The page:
I always wonder which martial art is the most effective in a 1-vs-1 street fight without weapons. After doing some research I came up with 3 types of positions (maybe there are more) someone can hold during a fight.

My logic tells me this:

STANDING: the most effective would be Muay Thai or Boxing.

CLOSE DISTANCE: one should consider to wrestle.

GROUND GAME: Finally on the ground you better use your grapple / BJJ skills to survive :p.

So in my opinion you have Muay Thai or Boxing, Wrestling & BJJ or some grapple art (luta livre).


This type of questions are asked by many. It's better to avoid this kind of situations, but sometimes you just have to be prepared. Some people maybe living in a dangerous environment. Some people don't know which martial art they should practise to be prepared. So the answer for my question should help people in making the correct decision. I'm not trying to underestimate any martial art, but let's face the reality and think logical.

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    While I do think some excellent answers can be generated by this question, it is entirely too broad and subject to opinion (e.g. it is impossible to provide definitive studies/facts/statistics/etc to validate the answer). This is exactly the sort of question that is to be avoided. If you want you can still edit this and ask for it to be considered for reopening, or you could ask a new but far more tightly constrained question.
    – slugster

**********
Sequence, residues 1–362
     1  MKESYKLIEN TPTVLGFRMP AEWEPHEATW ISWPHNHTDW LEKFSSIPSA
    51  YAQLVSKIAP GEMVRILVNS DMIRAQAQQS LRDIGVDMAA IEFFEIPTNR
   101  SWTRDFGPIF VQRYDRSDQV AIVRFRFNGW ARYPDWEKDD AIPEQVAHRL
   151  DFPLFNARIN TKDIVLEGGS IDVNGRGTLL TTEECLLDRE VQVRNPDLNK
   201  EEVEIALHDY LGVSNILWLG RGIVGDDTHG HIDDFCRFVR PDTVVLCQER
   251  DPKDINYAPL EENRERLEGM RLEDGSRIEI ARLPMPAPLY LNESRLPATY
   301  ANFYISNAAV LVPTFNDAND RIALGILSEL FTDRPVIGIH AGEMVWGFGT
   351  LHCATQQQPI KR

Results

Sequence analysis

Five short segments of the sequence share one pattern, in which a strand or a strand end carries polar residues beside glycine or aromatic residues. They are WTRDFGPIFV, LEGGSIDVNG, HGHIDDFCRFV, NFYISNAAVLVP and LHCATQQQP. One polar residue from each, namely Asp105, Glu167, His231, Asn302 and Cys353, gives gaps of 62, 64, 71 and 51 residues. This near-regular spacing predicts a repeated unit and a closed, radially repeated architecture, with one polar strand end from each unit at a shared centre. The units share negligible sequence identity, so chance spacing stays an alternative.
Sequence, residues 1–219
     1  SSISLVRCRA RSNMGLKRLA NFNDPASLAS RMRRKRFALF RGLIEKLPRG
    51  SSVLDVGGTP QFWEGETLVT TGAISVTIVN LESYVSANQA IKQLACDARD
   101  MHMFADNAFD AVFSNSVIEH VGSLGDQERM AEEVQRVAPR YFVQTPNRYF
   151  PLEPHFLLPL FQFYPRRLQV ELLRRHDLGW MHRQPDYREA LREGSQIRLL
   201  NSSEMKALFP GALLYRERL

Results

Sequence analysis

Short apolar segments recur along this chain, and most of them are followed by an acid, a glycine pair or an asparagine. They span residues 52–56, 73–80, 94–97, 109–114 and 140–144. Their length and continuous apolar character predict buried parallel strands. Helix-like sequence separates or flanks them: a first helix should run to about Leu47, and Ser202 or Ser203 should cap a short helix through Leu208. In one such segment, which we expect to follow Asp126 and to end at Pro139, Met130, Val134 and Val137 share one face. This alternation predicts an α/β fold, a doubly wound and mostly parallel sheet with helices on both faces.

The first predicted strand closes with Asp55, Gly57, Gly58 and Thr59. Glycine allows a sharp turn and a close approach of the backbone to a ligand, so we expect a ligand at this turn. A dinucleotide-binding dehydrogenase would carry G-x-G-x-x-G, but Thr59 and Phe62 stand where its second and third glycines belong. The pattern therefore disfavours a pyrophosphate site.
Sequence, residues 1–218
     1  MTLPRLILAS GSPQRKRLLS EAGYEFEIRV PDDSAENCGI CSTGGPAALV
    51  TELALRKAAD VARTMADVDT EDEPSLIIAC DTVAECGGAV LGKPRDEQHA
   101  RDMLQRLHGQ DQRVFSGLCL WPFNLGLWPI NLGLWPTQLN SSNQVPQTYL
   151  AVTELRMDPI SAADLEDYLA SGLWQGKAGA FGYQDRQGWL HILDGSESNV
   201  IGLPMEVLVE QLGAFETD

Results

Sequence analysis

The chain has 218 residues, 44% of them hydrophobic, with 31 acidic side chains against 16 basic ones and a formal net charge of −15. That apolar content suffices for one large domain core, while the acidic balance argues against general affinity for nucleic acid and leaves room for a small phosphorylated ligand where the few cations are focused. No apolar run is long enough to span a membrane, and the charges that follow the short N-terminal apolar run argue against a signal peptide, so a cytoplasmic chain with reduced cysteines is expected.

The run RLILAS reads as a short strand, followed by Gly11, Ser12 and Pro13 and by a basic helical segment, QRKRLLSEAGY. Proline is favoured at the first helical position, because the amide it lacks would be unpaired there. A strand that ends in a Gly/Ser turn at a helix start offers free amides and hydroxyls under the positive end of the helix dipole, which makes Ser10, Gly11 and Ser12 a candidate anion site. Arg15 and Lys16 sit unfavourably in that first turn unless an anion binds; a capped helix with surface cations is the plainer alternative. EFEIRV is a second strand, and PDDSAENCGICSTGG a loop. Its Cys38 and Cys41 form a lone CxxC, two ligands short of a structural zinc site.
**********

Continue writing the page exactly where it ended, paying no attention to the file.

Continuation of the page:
Oct 22, 2013 at 8:55
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    This could be an interest question if you narrow what you mean by "effective". Effective for MMA is different from effective for self defense which is different from controlling someone without doing serious harm the way a police officer or bouncer would want to. They overlap somewhat of course, but they are different. Oct 22, 2013 at 16:46
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    Even with the edit, I am afraid that this remains a bad question: (i) street fighting generally involves weapons, (ii) street fights are rarely one on one, (iii) the three position types remain candid at best, (iv) you still give your answer to your question thus inviting arguments, (v) "most effective" is ill defined and primary opinion based. I feel that you are either trying to troll or that there is a more fundamental question you have. I hope and assume the latter: what is the problem this question is trying to solve? Oct 23, 2013 at 7:26